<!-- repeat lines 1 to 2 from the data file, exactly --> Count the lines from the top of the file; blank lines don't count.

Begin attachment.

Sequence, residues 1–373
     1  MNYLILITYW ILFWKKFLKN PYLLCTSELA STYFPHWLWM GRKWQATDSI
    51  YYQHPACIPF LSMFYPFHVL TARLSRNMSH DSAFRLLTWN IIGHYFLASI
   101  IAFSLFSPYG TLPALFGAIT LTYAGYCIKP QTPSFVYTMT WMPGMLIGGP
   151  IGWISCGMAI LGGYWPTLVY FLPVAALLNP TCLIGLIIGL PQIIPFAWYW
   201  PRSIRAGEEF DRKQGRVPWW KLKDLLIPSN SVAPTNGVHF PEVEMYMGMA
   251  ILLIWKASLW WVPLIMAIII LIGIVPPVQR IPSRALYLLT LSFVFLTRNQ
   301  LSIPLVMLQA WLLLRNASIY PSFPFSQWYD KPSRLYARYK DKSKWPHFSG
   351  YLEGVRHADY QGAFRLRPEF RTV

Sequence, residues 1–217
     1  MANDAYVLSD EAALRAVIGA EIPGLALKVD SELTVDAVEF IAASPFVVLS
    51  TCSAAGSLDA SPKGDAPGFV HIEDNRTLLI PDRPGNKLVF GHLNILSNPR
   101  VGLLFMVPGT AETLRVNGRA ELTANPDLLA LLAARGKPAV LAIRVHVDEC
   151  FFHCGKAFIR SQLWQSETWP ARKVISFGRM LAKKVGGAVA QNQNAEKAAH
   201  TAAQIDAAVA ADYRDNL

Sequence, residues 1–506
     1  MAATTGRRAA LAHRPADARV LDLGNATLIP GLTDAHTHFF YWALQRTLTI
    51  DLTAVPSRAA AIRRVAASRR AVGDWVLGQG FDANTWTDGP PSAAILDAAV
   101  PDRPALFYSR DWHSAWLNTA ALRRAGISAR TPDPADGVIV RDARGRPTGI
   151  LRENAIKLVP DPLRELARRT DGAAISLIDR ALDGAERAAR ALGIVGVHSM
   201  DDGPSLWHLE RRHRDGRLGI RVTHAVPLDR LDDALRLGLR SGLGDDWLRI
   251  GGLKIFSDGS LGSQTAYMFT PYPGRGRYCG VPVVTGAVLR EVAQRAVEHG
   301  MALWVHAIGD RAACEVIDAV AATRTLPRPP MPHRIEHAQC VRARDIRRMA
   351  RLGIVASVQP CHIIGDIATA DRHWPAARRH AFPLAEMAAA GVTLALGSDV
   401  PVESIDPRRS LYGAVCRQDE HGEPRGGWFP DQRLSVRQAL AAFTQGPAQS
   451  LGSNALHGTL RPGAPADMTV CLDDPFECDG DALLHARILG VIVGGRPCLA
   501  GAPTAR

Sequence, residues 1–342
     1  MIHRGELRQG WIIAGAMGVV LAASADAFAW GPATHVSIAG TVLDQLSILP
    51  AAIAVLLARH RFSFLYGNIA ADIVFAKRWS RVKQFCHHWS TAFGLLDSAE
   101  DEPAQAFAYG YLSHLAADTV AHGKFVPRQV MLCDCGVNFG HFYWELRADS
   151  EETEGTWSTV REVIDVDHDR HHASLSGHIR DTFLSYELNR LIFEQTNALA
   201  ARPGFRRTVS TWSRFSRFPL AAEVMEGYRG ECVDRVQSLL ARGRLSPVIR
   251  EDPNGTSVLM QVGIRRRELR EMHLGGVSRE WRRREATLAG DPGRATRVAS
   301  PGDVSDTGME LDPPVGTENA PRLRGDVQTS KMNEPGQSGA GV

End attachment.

Sequence, residues 1–373
     1  MNYLILITYW ILFWKKFLKN PYLLCTSELA STYFPHWLWM GRKWQATDSI